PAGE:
June 19, 2019

Babe Ruth Homered in $800 Million Baseball Game

May 1, 2010 by · Leave a Comment 

On August 26, 1943, 48-year-old Babe Ruth hit a home run off 43-year-old Walter Johnson into the right field stands at the Polo Grounds. The blast – one of the last by the Babe – was witnessed by 35,000 fans and helped raise $800 million in War Bonds.

Organized by the long-since defunct New York Journal-American to raise funds for the war effort, the four-hour spectacular featured comedians, dance bands, movie actors and singers, plus the Giant-Yankee-Dodger all-stars who turned in a 5 to 2 win over the Army’s New Cumberland Reception Center team, which was aided by Hank Greenberg, Johnny Beazley, Danny Murtaugh, Billy Hitchcock and Enos Slaughter.

But the highlight of the show came later. “There were still 35,000 lumps in 35,000 throats around the village Friday,” wrote Sid Feder for the Associated Press. “All because a dozen old men walked out on a ball field.”

They weren’t just any 12 old men. Seven of them – Babe Ruth, Walter Johnson, George Sisler, Eddie Collins, Honus Wagner, Tris Speaker and acting manager Connie Mack – were Hall of Famers. Frankie Frisch, Roger Bresnahan and umpire Bill Klem would be elected to the Hall at a later date. Only Duffy Lewis of the Red Sox and Red Murray of the Giants didn’t make the Hall.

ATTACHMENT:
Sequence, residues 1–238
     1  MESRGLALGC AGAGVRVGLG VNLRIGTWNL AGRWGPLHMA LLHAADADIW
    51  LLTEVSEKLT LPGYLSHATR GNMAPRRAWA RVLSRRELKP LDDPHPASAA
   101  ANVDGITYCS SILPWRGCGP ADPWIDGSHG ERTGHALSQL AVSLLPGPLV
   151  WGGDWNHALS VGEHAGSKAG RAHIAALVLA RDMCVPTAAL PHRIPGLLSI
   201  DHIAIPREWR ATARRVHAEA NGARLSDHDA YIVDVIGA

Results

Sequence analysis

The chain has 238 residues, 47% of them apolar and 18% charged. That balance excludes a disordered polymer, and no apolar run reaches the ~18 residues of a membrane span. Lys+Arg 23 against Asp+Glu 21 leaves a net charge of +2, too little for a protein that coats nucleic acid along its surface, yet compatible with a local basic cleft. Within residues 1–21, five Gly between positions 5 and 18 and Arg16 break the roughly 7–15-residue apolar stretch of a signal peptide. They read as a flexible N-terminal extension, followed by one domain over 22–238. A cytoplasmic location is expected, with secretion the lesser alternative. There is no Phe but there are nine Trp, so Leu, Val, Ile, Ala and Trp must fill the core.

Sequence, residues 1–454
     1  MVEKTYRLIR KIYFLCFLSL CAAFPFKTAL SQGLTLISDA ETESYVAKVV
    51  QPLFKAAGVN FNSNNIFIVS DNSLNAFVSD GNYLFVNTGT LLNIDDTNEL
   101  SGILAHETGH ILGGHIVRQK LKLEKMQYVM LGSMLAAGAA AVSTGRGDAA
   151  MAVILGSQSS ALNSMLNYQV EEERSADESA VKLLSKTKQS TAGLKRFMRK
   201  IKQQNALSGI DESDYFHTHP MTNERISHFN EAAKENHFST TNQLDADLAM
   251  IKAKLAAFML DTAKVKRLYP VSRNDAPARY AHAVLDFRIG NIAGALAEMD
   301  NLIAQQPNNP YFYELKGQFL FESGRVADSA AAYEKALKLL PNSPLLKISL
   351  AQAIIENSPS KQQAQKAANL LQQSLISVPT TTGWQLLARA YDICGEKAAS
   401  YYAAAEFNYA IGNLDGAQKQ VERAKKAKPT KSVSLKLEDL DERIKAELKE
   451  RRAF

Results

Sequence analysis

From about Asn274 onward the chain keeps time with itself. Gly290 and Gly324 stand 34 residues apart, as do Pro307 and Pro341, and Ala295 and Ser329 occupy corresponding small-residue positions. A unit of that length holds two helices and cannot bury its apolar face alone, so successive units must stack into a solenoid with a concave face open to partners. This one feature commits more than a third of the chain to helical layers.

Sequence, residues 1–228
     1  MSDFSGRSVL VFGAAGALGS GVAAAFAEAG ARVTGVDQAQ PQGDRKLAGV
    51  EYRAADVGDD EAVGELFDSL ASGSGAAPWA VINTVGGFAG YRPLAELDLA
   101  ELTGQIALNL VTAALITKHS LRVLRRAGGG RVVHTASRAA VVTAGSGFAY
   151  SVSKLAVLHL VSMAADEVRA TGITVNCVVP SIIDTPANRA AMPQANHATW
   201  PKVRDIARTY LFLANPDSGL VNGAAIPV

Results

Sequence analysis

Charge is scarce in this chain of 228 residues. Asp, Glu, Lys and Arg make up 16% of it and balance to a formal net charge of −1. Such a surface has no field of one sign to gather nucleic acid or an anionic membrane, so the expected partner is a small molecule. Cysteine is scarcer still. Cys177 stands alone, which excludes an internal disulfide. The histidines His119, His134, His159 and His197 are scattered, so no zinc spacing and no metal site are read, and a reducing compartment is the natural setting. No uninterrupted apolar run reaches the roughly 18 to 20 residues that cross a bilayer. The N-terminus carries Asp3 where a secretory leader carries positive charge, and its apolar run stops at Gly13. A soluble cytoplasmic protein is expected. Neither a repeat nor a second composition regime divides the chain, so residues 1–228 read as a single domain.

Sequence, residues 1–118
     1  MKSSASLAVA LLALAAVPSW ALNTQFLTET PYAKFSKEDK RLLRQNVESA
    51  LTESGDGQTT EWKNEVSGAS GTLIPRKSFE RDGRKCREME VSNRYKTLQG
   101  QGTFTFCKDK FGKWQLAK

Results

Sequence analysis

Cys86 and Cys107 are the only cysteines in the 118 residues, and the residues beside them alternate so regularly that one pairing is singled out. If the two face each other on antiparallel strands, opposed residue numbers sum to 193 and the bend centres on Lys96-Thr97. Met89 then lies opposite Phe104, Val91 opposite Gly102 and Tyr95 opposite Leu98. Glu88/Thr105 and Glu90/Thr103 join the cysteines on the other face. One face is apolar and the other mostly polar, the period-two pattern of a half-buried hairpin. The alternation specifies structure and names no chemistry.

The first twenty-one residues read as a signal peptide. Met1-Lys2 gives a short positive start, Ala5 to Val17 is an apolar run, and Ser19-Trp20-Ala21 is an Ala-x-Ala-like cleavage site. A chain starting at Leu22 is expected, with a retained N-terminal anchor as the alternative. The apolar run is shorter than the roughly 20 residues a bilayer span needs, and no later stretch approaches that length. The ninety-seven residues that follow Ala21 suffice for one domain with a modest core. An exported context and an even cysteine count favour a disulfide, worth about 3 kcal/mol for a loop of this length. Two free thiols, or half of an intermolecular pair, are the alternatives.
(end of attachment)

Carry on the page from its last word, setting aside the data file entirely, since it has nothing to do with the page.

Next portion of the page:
“As they spread out on their regular spots on the field,” continued Feder, “the lump you got in your throat and the moisture in the eyes of some of the most blasé baseball writers in the press coop were more than enough to prove that the baseball fan is at least part elephant. He never forgets.

“It didn’t matter that in fielding some of Babe’s “practice shots” Murray fell down, Speaker was practically decapitated and Collins was all but carried into right field by a line drive. The folks had a look at ’em, and the Babe finally parked one. That was the icing on the cake.”

Three years later, the Babe was diagnosed with throat cancer. In March 1947, the new commissioner of baseball, A. B. “Happy” Chandler, declared that April 27 would be Babe Ruth Day in the major leagues. Ceremonies were held in all the ballparks and at Yankee Stadium, the Babe – his voice ravaged by the cancer – addressed the crowd of 60,000, saying, “There have been so many lovely things said about me. I’m glad I can be here to thank everyone. Thank you.”

Sixteen months later, Babe Ruth died. He was 53 years old. In the hearts and minds of countless baseball fans around the world, his legacy will never be forgotten.

Gary Bedingfield

http://baseballinwartime.blogspot.com/

www.baseballinwartime.com

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